Skip to main content

Full text of "The manufacture and properties of iron and steel"

See other formats

558                                   THE IRON INDUSTRY.
TABLE XXV-B. Steel Works in the East of France.
Those marked (B) have Bessemer converters.
.  Province.                               Companies.                                    Location.
Meurthe-et-Moselle      Socie'te'   anonyme   des   Acie"ries   de
Longwy  (B)                                        Mont-Salnt-Martia
SociSte   anonyme   des   Acie"ries    de
Mlcheville  (B)                                     Micheville
MM. de Wendel et Cle, Maitres  de
Forges (B)                                          Joeuf
Socie"te"   anonyme  de  Vezin-Aulnoye
(B)                                                      Homecourt
Socle"te" anonyme des Hauts-Four-neaur, Forges et Acle"ries de Pom-pey (B)                                               Pompey
SocifitS anonyme des Forges et Fon-
deries de Montatalre (B)                    Frouard
Meuae                         Socle"te" anonyme des Forges et Aci-
6rles de Commercy                              Commercy
Haute-Marne               Compagnie   des   Forges   de   Cham-
pagne et du Canal de Saint-Dizier      Marnaval-Salnt-a Wassy                                                  Dialer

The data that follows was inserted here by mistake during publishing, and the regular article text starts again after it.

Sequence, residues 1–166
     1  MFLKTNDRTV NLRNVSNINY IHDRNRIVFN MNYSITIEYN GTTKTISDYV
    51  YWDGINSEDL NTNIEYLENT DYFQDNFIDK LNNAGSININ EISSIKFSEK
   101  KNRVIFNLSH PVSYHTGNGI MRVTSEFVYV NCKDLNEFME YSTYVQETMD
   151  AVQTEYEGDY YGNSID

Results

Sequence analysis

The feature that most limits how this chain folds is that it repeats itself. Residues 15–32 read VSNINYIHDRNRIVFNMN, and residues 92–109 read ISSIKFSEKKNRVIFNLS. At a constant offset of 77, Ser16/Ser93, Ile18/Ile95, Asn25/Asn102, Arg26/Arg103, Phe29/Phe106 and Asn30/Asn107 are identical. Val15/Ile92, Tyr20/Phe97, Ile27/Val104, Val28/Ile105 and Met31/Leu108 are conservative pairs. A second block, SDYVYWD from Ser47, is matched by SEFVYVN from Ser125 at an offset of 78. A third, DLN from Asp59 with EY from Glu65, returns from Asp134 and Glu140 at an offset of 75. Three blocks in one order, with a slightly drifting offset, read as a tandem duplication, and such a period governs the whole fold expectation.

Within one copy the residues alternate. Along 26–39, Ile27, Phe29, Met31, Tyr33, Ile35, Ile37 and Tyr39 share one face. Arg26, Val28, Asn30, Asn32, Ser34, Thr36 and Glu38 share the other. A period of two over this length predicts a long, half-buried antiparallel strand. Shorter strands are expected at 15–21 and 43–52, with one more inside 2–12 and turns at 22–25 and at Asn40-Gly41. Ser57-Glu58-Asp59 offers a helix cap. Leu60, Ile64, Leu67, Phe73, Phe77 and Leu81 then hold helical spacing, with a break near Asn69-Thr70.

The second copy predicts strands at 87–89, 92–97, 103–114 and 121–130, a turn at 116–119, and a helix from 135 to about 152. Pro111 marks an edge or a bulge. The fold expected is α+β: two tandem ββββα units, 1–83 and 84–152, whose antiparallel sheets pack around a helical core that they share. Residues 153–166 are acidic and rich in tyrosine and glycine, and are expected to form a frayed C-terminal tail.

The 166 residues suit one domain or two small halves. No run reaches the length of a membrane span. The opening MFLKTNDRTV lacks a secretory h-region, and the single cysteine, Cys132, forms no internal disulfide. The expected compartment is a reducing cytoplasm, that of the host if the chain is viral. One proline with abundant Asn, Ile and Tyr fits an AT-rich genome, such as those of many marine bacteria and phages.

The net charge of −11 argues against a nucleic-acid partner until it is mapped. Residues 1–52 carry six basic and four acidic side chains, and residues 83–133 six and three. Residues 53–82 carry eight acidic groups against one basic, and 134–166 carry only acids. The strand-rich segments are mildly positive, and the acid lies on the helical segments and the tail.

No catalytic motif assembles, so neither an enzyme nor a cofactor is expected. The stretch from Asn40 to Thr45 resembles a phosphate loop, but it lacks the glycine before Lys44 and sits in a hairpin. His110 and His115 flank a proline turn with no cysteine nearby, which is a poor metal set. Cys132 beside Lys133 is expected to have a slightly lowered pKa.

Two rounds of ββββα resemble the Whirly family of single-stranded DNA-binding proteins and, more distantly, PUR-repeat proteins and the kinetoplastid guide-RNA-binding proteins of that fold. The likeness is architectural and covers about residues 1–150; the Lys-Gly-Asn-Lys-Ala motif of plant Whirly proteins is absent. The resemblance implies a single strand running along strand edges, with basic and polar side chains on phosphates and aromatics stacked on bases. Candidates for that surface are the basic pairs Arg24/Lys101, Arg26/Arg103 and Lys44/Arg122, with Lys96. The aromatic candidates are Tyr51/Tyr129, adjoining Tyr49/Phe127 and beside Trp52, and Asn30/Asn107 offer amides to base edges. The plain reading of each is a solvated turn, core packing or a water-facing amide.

Ardennes                     MM.   Boutmy   et   Cle,   Maitres   de     Messemp're"-
Forges                                                    Carignan
MM. Lefort et Cle, Maitrea de Forges                                                 Mohon
SEC. XXVc.—The North:
The great coal field of France lies in the provinces of Nord and Pas-de-Calais. It is an extension of the Belgian deposit and extends from the border to beyond Bethune; the city of Valenciennes may be regarded as a center. The developments in Pas-de-Calais are rather recent. An extension of the Nord coal fields has been exploited at depths ranging from 2300 to 4000 feet, and the French steel works have taken advantage of the new discoveries to acquire independent coal supplies. The coke is not of the best quality, but the Belgian is little better, and the demand has been ahead of the supply owing to the development of the iron industry in Meurthe et Moselle, so that although there are now 2000 coke ovens in operation and many more in process of erection, the price of fuel in France has been almost prohibitive. In the year 1900 coal retailed in Paris at $15 per ton and coke for foundry use as high as $10. These prices, which were exceptionally high even for France, encouraged imports in spite of a duty of 25 cents per ton, and coal from the United States entered Mediterranean ports, while England sent 6,000,000 tons of fuel, including coal and coke, and Germany supplied considerable coke. Belgian and English fuel is im-